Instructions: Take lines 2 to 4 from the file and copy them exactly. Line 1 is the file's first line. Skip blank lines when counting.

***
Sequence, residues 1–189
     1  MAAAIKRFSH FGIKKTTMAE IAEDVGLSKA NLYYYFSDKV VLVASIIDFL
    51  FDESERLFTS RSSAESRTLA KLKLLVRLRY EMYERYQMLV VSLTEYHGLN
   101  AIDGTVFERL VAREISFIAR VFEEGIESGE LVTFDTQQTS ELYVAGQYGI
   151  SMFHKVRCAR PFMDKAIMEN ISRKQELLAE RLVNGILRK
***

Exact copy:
     1  MAAAIKRFSH FGIKKTTMAE IAEDVGLSKA NLYYYFSDKV VLVASIIDFL
    51  FDESERLFTS RSSAESRTLA KLKLLVRLRY EMYERYQMLV VSLTEYHGLN
   101  AIDGTVFERL VAREISFIAR VFEEGIESGE LVTFDTQQTS ELYVAGQYGI